Fondreche Nature Rouge and 69 Love Songs
Feeling melancholy never sounded so lovely and jubilant as it does on “69 Love Songs” (Volume One) by The Magnetic Fields. This ragtag group of musicians, led by creative genius Stephin Merritt, are masters of weaving musical styles and embellishing dark emotions to craft something that is uniquely their own.
The Fondreche Nature Rouge is equally distinct and complex. It’s raw with no added sulphites, plump, juicy and sexy. It’s brooding and delicious, fitting for this music that’s both moody and enchanting. The color is deep purple, the bouquet is filled with fresh plum and blackberry, its texture is chewy and the flavor is delectable. A few sips in has you feeling low-key warm and sultry, just like Merritt’s signature baritone vocals.
“69 Love Songs” opens with “Absolutely Cuckoo”, a great introduction to the record and the style of Magnetic Fields in just a minute and a half. It’s self aware, self deprecating and wears its heart on its sleeve, with Merritt giving fair warning to any potential love interest not to get too involved. At the same time, it’s full of irony and dark comedy with chipper ukelele and upbeat, though classically deep vocals.
This record, like the Fondreche Nature Rouge, is more stripped down compared to others from Merritt that explore the bounds of electronic music. It’s beautiful in its instrumentation and emotional expression. It’s also quirky and weird. It speaks to the character that winemaker Sébastien Vincenti created in this wine: it’s sturdy with a lush and structured body brimming with rich, dark fruit but also fresh, easy to drink and natural with no added preservatives or sulphites. Vincenti, whose mother owns the property as of 1993, is a leader of the low-intervention quality movement in the Ventoux region in southeastern France. His wine has the classic makeup and weight of a Southern French red blend that stands on its own legs.
The combination of beauty and sorrow on “All My Little Words” is as impactful and effective as the blending of grenache, syrah, mourvedre and cinsault in the Fondreche Nature Rouge. Each varietal has a role - the bright and fruity grenache that freshens; the tannic, savory, spicy syrah that anchors; the mourvedre adding depth and black fruit and the light cinsault that elevates the blend, keeping it all in balance. “All My Little Words” sung by MF collaborator LD Beghtol with backing vocals from Shirley Simms supports defeated lyrics with gorgeous strings, gentle banjo and choir-like harmonies.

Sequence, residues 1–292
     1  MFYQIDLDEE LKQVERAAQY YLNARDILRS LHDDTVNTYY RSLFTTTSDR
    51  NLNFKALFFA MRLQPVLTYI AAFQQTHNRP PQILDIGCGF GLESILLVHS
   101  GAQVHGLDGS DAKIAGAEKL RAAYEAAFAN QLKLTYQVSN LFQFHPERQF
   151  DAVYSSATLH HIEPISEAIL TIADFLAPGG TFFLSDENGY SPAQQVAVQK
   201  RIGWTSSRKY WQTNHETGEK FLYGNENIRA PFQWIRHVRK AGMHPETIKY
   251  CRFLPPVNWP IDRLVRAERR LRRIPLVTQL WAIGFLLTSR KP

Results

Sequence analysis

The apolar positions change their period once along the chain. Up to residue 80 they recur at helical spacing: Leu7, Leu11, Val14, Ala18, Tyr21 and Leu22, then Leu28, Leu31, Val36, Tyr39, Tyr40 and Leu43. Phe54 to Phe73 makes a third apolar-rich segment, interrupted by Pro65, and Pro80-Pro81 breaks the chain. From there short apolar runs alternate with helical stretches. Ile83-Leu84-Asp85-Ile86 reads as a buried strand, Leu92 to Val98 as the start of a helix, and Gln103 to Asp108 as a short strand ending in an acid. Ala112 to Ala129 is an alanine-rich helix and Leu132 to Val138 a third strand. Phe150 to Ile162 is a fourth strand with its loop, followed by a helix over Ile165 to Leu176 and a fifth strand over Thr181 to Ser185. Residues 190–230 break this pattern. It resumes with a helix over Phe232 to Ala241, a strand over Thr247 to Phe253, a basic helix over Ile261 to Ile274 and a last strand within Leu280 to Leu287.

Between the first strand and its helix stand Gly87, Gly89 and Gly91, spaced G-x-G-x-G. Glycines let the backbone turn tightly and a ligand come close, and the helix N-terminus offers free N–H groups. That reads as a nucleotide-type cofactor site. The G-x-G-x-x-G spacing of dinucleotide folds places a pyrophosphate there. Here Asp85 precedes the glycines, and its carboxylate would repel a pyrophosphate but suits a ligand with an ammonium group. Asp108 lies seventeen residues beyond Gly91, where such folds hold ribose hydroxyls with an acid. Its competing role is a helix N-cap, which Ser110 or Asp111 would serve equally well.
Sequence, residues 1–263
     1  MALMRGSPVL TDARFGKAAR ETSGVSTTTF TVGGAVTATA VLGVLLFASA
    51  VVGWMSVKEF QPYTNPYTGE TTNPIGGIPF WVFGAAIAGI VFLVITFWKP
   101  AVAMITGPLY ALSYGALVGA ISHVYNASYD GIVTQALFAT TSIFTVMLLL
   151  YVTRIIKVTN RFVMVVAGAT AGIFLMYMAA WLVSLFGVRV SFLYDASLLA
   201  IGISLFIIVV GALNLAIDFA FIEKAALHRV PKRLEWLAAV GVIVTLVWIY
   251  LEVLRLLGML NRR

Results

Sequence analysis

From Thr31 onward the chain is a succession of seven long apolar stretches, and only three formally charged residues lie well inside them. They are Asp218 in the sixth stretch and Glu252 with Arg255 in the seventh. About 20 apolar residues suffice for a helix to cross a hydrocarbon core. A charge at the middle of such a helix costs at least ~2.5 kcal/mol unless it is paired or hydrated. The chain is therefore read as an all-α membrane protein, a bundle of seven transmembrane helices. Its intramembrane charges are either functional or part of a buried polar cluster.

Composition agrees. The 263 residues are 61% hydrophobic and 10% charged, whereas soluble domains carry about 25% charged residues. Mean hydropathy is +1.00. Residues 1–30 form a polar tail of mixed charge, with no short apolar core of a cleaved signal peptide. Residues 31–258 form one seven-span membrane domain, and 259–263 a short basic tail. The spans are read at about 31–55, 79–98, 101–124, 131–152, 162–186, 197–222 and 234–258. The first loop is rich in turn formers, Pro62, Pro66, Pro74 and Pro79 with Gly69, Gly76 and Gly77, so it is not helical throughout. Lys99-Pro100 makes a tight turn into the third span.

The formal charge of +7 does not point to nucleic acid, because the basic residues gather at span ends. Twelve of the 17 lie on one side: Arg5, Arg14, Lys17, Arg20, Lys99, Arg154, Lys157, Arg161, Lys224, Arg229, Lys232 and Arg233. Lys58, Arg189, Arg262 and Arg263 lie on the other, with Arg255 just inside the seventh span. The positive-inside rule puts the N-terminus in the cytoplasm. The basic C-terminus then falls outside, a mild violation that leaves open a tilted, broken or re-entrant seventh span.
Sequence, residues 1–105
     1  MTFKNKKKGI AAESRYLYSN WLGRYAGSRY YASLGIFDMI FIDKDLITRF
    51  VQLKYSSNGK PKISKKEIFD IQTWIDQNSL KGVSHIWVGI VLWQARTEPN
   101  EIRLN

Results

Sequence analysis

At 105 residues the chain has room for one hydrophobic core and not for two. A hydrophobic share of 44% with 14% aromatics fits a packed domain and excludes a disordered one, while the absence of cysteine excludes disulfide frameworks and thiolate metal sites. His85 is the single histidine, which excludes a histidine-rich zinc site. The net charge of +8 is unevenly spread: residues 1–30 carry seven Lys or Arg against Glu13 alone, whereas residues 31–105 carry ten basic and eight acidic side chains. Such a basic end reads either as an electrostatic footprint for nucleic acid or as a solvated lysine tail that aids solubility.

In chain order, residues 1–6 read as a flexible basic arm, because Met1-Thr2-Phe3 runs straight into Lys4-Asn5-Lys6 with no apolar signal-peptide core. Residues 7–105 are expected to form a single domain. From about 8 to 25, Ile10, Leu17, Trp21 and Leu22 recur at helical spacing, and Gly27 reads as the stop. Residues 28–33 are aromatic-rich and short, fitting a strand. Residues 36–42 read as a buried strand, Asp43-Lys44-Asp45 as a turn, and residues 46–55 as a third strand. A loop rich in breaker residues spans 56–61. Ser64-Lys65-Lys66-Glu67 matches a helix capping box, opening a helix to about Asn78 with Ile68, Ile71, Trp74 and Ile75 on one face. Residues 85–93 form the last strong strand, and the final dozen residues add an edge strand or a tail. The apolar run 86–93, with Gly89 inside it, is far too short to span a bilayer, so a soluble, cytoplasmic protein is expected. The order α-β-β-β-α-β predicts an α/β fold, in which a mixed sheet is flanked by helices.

There are so many gems on this musical odyssey, and we’re just talking about part one of a three part epic. “I Don’t Want to Get Over You” is one of my favorite songs of all time. It’s beautiful. It’s painful. It sounds exactly how I’d feel if I broke up with the love of my life. Oh, how wonderful it is to wallow in the exquisite agony.
Some of the highlights on part one are as follows: “Luckiest Guy on the Lower East Side” serves up major Lou Reed vibes with its situational, character naming storytelling and New York beatnik folksy sound. Merritt is the best at sugar-coated passive aggressiveness, like on hilariously titled and self-explanatory “The Cactus Where Your Heart Should Be” and “My Sentimental Melody” with lyrics that proclaim “I live on the blue planet/ That I saw in your eyes/ But now I can't stay/ Knowing it's made/ Of beautiful lies.”
“I Think I Need A New Heart” is the Spanish-style dance number about the fear of commitment. Then you have the amazing, delicate and earnest “The Book of Love”, about how love in theory is “dumb” and “boring” but in practice it’s vital and meaningful. “Sweet Lovin’ Man” has a Country slant sung by Claudia Gonson, with the welcomed lady’s perspective on the elusive, well, sweet and loving man. It’s a dynamic record indeed for an equally dynamic wine.
“69 Love Songs” and Fondreche Nature Rouge aren’t flashy and they don’t need to be. They are honest, pure expressions of love & heartbreak and terroir, respectively. The result is both wine and music to savor and get wrapped up in, like hunkering down on a stormy day.